David Shields’ Reality Hunger is a non-fiction book about the fictional and the unreal being dead to contemporary creativity.
It poses that the general public have tired of artifice – people hunger for reality, or, at the very least, the illusion of reality. He writes about the rise of hip-hop, of memoir, of reality television. He writes about the need for Truth in art, and he conveys this new manifesto in an exciting and utterly contemporary way.
Reality Hunger is composed almost aphoristically: it contains 618 sections – some a few words, others a few pages – each making a succinct point about Shields’ message. And it is a message that I am fully on board with. Most people I speak to about books will know that my three favourite writers are Karl Ove Knausgaard, B. S. Johnson and Jack Kerouac* – writers who have written about their own lives in a detailed and often invasive way. I love too Sylvia Plath, Malcolm Lowry, Geoff Dyer, Sheila Heti, the Isabel Allende memoir I read last year – recently I have come to only really LOVE books that are about real life, or at the very least engage directly with the notion of truth and fiction. My favourite Hemingway is A Moveable Feast, I prefer Signifying Rappers to everything else (bar Infinite Jest) that David Foster Wallace ever wrote – I want honesty, I hunger for reality – I am the exact kind of reader this text is ABOUT.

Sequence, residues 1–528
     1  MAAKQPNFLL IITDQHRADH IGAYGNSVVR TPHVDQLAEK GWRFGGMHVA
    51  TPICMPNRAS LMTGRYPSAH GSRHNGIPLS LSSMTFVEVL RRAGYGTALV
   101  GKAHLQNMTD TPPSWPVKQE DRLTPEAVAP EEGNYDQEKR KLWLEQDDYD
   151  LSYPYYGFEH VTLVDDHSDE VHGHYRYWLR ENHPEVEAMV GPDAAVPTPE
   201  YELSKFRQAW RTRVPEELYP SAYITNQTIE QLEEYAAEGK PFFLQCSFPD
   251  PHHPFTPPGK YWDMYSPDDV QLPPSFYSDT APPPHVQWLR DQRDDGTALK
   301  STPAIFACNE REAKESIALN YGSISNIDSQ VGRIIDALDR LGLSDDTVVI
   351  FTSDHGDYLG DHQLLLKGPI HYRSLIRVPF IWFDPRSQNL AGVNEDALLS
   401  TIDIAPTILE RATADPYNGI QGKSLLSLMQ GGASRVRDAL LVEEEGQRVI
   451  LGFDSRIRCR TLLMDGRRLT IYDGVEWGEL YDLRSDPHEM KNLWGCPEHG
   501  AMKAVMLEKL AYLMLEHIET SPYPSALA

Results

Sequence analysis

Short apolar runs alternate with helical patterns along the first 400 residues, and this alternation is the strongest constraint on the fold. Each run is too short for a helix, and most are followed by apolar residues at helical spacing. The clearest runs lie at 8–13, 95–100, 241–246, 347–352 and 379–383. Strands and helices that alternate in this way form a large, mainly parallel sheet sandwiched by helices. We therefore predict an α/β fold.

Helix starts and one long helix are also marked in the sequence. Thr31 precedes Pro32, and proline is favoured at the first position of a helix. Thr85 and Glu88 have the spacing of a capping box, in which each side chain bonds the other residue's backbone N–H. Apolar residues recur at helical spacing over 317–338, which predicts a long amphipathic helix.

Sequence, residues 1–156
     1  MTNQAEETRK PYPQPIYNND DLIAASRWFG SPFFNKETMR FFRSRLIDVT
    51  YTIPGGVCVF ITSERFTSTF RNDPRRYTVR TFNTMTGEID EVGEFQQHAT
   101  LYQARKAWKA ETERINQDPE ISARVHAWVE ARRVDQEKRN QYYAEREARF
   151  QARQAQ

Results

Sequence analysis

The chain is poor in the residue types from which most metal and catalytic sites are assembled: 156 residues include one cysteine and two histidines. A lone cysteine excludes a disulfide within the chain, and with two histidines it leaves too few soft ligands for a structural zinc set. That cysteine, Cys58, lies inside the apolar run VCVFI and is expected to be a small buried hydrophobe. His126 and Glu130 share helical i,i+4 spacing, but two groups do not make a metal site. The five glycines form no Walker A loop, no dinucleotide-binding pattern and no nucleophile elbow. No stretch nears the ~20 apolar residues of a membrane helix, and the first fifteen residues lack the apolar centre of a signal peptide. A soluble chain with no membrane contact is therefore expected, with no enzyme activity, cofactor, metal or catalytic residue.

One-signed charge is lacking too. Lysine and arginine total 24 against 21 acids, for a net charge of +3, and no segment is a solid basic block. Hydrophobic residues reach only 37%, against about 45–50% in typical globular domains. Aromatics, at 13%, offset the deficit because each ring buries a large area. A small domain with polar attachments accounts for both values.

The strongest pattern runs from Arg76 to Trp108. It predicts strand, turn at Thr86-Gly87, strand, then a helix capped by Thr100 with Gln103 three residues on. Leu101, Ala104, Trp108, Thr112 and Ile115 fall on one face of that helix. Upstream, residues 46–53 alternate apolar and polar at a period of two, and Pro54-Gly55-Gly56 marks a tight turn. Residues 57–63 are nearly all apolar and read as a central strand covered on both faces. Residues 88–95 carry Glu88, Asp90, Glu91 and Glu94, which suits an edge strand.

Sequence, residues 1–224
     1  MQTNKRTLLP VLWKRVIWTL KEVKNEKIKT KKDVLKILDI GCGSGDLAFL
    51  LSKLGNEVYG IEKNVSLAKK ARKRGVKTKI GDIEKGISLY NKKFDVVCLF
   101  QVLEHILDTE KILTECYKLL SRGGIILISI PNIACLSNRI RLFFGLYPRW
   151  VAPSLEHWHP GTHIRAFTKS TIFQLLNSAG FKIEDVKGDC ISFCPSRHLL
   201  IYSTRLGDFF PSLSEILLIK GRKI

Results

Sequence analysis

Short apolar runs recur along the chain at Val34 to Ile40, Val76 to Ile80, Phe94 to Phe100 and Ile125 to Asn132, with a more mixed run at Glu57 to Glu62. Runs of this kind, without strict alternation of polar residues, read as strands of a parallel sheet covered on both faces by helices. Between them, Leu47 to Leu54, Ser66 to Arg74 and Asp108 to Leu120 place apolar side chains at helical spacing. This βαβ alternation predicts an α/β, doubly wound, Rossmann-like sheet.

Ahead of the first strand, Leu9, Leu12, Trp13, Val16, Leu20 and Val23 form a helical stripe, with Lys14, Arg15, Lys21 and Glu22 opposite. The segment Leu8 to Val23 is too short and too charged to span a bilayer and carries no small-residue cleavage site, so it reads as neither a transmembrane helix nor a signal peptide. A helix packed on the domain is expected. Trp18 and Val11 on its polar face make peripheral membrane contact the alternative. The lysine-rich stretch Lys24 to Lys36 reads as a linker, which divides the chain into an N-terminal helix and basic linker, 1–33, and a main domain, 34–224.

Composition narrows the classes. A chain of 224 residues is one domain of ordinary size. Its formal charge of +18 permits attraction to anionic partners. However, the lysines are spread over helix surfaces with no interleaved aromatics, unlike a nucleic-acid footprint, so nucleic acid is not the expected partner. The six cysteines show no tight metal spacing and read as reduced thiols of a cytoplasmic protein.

Shields writes too about the rise of copyright laws and how this has stifled creativity: his book, huge chunks of which are revised, reworded and edited quotations, he had intended to leave without any acknowledgements. And the ones that are there – at the instruction of his publisher’s lawyers – he encourages readers to cut out, even offering a dashed line at the centre for ease of snipping. He believes that all words, melodies, images (still or moving) should be available to all other creatives in order to allow the liquid reuse and reimagining of all art. Like Tristram Shandy.
Reality Hunger is a powerful, thought-provoking and (for me) reassuring book about the forward movement of contemporary literature, art, film, television and music, a thrusting manifesto promoting the integration of art, the freedom to create with whatever is available and the rising need and desire amongst the general populace for an awareness of the lives of other people.
A stonking, charming, hair-raisingly YES-SHOUTINGLY OPTIMISTICALLY FUTURELOOKING GEM of a book. Read it.
This morning, I read it instead of getting dressed. YES!
* Though, as I feel I always have to point out, Kerouac was a terrible human being and my approval of his literary intention is NOT the same as me liking his misogyny or personality.